The purpose limitation principle (see the “Purpose limitation” section within “Principles”, Part II of these Guidelines) requires that personal data collected and processed in the context of IoT are processed only for the purpose for which the data were collected.
In addition to that, purposes need to be specified. That is, a wide and open wording that does not allow an average person to understand all and every purpose of the data, will fall out of the law.
The main problem is that IoT systems often collect vast amounts of data for vague or broadly defined purposes. As Watcher stated, “sensor fusion or the linkage of existing but previously unconnected datasets, can offer new opportunities for data analytics that were not envisioned when the data were collected. Invasive and unpredictable inferential profiling is enabled by identification services that link devices and the data they collect.”  As a consequence, controllers might produce inferred data about the data subject that are not related to the purposes for which the data was originally collected and to which the data subject never consented. Furthermore, data subjects might not even be aware of such processing. Worse enough, it might happen that data are processed by third parties for other purposes to which the data subject never gave consent.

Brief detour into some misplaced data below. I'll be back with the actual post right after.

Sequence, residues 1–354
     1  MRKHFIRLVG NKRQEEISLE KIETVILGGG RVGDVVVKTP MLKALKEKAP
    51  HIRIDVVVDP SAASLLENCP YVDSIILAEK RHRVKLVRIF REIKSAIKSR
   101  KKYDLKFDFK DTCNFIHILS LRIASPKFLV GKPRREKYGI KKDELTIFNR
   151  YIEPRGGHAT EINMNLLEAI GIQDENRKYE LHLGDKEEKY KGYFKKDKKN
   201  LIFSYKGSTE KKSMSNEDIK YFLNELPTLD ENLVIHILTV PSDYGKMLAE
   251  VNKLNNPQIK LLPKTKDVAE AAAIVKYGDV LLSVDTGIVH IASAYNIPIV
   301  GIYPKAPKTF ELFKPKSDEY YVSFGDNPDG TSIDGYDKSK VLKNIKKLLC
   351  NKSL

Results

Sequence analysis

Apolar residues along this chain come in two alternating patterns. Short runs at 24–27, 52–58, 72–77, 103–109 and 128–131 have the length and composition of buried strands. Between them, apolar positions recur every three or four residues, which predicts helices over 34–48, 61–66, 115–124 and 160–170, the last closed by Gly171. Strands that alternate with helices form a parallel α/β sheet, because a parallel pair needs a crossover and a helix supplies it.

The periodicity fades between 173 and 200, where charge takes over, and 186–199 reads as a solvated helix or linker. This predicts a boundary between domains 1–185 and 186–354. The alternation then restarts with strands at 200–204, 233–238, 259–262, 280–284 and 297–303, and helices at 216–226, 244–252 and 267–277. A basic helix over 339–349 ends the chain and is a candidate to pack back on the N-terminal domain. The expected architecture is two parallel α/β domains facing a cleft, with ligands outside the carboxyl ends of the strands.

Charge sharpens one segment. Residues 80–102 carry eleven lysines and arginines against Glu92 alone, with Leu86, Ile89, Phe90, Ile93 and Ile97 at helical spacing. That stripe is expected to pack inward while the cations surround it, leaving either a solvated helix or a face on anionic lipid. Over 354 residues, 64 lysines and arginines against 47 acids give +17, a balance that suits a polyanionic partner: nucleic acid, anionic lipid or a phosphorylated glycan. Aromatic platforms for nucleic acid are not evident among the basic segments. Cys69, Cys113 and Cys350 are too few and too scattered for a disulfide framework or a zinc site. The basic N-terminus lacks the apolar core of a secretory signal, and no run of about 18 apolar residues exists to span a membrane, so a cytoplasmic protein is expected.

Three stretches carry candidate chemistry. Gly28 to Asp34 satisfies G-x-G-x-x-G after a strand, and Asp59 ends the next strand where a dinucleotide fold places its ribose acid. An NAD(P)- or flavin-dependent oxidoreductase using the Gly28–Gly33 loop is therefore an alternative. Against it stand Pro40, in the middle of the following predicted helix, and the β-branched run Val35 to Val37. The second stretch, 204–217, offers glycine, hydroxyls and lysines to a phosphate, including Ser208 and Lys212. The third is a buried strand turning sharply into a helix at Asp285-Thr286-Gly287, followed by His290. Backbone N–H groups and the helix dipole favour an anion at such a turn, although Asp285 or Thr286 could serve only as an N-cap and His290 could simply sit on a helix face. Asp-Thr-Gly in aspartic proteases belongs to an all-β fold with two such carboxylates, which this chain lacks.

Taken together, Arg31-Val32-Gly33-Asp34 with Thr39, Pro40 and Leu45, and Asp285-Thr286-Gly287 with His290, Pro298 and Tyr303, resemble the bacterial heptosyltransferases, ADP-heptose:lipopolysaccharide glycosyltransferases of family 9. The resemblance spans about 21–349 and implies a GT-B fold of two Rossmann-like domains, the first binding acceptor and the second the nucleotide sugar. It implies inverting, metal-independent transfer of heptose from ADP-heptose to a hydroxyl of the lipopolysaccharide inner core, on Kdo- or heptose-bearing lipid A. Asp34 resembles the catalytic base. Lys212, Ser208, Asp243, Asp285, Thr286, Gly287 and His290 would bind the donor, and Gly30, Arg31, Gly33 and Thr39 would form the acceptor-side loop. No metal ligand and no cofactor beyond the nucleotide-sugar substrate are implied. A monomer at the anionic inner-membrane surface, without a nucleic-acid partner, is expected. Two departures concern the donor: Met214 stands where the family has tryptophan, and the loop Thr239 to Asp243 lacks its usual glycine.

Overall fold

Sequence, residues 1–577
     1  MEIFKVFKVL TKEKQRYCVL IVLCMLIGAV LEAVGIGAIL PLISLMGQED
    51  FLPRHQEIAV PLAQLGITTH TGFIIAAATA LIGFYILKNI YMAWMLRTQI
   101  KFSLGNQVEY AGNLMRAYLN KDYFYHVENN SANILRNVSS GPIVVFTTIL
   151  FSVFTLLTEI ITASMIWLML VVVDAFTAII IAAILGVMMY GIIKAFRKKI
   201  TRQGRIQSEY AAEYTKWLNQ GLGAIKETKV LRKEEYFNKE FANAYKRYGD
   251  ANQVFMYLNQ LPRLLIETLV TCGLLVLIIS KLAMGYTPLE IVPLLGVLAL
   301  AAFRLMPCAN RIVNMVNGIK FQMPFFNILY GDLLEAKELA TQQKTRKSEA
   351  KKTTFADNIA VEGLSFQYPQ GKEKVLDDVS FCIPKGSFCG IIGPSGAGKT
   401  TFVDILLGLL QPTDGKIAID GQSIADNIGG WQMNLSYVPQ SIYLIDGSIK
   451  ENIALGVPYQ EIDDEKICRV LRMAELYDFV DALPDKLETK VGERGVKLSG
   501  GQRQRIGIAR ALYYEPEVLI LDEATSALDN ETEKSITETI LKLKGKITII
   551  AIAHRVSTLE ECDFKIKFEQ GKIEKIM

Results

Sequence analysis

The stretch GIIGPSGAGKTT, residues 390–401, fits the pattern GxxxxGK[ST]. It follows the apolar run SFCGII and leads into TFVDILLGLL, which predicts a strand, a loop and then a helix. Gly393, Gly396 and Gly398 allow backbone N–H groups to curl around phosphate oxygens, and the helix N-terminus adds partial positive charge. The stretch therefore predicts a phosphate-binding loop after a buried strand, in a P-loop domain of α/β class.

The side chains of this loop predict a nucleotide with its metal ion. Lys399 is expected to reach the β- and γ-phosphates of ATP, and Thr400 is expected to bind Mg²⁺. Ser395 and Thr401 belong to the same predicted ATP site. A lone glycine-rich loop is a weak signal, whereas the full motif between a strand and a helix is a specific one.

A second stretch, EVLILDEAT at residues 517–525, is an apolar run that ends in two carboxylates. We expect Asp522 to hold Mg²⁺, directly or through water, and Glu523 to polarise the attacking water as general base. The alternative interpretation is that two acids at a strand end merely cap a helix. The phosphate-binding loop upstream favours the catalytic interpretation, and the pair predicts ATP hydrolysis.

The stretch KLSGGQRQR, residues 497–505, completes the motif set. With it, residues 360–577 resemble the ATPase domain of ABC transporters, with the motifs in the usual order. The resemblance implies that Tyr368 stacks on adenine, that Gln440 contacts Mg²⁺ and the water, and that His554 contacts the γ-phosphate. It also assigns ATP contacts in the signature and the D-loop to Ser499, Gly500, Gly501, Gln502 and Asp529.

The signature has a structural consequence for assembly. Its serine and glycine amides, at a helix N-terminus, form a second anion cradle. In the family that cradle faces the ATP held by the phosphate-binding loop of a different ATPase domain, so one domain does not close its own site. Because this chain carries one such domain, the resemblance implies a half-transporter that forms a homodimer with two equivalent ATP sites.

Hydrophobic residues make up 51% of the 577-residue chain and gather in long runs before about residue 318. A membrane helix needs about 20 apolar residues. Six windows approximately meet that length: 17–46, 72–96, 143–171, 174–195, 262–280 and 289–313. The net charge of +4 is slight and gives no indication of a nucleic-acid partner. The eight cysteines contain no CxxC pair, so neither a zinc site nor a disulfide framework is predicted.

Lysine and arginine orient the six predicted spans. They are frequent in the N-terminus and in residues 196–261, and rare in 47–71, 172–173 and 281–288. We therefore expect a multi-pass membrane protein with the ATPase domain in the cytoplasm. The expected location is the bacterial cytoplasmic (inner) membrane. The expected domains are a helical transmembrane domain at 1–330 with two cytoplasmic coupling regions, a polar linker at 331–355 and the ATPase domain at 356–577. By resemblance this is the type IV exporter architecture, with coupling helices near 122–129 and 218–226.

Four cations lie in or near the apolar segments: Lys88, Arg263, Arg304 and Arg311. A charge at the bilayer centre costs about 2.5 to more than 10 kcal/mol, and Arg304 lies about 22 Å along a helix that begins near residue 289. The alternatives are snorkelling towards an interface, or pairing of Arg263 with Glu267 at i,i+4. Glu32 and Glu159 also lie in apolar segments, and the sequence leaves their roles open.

In order to avoid such scenario, controllers should implement tools able to ensure that processing only takes place if a legal basis applies. The utility of stored data for the intended purpose of a particular product or service will need to be periodically reassessed to avoid unlawful data processing.
1Wachter, Sandra (2018). The GDPR and the Internet of Things: a three-step transparency model. Law, Innovation and Technology, 1–29. doi:10.1080/17579961.2018.1527479 . ↑